Bloomsburg University student Kyle Bower was APSCUF’s summer government-relations and communications intern. Click here to learn more about APSCUF’s internship. APSCUF file photo

I applied to APSCUF’s internship program needing to fulfill a graduation requirement. I was fortunate to have a professor who is a member of the Bloomsburg APSCUF chapter. One day she sent me an email with a three-character message: “FYI” and a hyperlink leading to the APSCUF internship application. Before this, I had never heard of APSCUF, even though I had felt its effect during the fall 2016 strike. And although the university asked me to detail my expectations for the internship, the truth is I had little sense of what to anticipate. On a logical level, I had an idea of what the experience would entail, but I did not imagine that I would feel a connection with the organization, the team members and my work experience because it didn’t even really cross my mind. I’m sure it is no surprise to anyone familiar with APSCUF and its internship that the job is a wonderful opportunity in an enjoyable working environment, but I must stress that I am truly, truly happy that I stumbled into this lovable group that nurtured my development in a way that blows my other working experiences clean out of the water.

How do I properly commemorate APSCUF and go beyond a simple obligatory round of thank-you’s, without getting too gushy? First, it is important that everyone know — or be reminded — that there is a mutual respect and appreciation between the members of the APSCUF team that extends to the interns. I felt as if I was treated like an adult more so then I have in my entire life, and that is no exaggeration. There was a remarkable balance between being offered help without ever feeling condescended to, and a level of trust in my abilities that I really appreciated. In addition to the work I did and the support I had, I learned a lot just from watching my supervisors, our president and others on calls, videos, etc. Needless to say, they do an amazing job, and I could see how well they carried themselves, how organized they were and how well-respected APSCUF is.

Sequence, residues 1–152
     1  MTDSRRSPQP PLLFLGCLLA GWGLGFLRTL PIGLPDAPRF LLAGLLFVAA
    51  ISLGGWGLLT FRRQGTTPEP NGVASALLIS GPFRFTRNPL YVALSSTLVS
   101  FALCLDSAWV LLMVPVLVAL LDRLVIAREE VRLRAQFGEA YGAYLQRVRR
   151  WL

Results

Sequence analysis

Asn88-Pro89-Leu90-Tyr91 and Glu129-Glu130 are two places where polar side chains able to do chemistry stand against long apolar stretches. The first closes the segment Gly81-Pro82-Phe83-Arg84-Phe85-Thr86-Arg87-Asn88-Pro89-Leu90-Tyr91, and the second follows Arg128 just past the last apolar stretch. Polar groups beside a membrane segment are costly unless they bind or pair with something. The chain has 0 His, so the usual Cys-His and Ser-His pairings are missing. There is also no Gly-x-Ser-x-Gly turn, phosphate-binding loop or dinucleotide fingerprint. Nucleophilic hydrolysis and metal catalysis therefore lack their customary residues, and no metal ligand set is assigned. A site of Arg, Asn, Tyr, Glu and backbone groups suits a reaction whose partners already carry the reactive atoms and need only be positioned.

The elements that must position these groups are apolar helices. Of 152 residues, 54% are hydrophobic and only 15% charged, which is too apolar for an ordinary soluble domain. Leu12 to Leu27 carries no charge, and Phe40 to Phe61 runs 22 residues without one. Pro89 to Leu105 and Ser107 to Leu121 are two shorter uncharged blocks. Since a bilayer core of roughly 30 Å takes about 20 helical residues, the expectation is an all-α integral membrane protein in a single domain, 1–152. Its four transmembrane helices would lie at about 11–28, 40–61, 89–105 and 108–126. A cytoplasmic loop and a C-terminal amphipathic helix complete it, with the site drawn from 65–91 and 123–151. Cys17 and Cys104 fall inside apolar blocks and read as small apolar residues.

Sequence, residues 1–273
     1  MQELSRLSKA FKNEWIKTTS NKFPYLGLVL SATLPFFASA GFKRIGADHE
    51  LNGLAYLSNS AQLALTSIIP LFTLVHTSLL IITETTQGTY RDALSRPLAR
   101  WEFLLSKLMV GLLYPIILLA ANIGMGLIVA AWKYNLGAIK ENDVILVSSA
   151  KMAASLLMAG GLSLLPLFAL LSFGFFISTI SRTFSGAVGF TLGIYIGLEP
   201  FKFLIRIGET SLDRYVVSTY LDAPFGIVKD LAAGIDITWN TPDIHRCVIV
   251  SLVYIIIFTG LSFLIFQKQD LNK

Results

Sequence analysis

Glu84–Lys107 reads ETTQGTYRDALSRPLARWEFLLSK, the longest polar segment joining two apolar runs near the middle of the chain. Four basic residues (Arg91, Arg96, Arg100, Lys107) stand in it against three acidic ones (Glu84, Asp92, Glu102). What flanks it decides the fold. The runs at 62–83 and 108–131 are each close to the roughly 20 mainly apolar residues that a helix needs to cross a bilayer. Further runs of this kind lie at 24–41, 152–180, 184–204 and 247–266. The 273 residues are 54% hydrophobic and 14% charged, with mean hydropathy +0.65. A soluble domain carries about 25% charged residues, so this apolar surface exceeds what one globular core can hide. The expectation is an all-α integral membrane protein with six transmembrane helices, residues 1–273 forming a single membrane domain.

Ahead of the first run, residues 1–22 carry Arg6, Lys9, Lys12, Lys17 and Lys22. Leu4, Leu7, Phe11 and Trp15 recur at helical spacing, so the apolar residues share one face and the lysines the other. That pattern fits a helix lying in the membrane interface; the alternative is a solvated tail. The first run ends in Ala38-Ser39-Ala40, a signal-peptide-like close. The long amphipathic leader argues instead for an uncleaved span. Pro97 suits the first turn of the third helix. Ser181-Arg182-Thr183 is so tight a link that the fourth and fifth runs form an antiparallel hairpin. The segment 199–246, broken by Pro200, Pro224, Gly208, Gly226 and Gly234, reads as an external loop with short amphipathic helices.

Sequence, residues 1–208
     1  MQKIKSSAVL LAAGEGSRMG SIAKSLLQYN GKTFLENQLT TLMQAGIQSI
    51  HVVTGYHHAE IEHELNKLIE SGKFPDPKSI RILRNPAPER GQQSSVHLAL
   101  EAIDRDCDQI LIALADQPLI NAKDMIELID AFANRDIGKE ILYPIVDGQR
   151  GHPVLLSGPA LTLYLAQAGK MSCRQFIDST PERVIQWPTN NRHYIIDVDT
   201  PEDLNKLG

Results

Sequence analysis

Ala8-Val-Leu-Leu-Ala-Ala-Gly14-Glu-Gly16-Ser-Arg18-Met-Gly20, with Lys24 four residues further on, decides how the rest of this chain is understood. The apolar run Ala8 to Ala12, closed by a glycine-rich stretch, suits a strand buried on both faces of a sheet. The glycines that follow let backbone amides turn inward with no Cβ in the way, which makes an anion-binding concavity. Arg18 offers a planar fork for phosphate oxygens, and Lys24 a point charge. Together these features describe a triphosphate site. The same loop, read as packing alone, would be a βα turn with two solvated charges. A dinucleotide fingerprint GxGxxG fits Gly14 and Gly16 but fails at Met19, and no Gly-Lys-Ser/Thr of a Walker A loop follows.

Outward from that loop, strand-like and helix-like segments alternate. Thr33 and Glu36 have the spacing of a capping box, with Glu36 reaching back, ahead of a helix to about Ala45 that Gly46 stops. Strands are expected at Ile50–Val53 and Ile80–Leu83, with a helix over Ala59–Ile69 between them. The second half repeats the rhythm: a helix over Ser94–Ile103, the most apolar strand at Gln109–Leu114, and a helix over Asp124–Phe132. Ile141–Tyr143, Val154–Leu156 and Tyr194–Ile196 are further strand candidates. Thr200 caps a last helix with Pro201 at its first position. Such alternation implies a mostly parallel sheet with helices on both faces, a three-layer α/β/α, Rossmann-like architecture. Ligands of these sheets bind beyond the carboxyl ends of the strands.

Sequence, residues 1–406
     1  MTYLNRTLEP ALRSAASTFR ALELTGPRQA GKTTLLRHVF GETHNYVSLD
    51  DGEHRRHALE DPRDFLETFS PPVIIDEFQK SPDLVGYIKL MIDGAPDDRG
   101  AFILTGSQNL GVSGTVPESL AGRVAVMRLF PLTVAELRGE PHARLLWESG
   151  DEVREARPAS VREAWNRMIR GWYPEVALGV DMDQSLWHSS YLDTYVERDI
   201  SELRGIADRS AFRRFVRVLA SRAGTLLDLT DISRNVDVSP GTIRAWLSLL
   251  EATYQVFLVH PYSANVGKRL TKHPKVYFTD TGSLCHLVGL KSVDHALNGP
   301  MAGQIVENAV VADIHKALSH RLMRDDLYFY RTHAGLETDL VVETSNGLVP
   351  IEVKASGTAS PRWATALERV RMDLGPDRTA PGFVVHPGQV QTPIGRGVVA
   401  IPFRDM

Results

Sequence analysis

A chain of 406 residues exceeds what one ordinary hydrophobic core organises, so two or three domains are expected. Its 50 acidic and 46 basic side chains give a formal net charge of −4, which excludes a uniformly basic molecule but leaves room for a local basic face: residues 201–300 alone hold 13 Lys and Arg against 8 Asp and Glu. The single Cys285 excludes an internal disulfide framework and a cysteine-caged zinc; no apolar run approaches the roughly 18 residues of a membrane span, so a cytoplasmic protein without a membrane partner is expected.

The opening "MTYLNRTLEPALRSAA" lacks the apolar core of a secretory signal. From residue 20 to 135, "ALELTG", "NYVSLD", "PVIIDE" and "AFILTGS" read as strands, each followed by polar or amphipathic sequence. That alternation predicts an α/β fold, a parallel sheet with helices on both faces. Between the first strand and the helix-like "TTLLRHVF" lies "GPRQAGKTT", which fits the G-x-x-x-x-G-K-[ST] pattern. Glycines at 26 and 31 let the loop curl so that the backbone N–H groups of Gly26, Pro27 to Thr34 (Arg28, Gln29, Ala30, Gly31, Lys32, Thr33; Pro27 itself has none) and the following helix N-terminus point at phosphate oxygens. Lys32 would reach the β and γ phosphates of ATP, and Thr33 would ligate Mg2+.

I had a sense of responsibility with APSCUF that I have not experienced before. Being tasked with interviewing members, giving meaningful input on policy issues, and writing stories and posts for the website and social media all made me feel like I was doing meaningful, appreciable work —and that is something I crave. Something I know we all deserve. I speak with full sincerity when I say that I’ve looked back on the stories that I’ve written for the website and felt a deeply satisfying sense of gratification. I’d even be so bold as to say I feel sentimental about my time with APSCUF, despite the fact that my internship was entirely remote and only lasted 10 weeks. While being remote meant that I had less opportunity to spend time getting to know my co-workers and to meet legislators, my supervisors were great about keeping me connected. I was still able to meet and make connections with the team members, and I attended virtual meetings and public hearings. In fact, one of the first things APSCUF interns do is meet all of the department heads individually. This is such a simple gesture, yet so poignantly emblematic of what students get with an APSCUF internship.

There is too much to talk about to give a full picture of my experience at APSCUF and my appreciation for what it’s done for me and for young minds across the State System. I wish more students knew about APSCUF and understood its impact, but I will be sure to spread the word as far as I can. I also wish I could have spent time with the team in person, but even through virtual meetings and phone calls I feel as though I’ve made some valuable connections and made some wonderful friends.

Thank you to Kathryn and Sean for hiring me and guiding me, and thank you to Jamie Martin and the rest of the APSCUF team for being so supportive and welcoming. It was a short few months, but I will forever look back on them fondly.

—Kyle Bower
APSCUF intern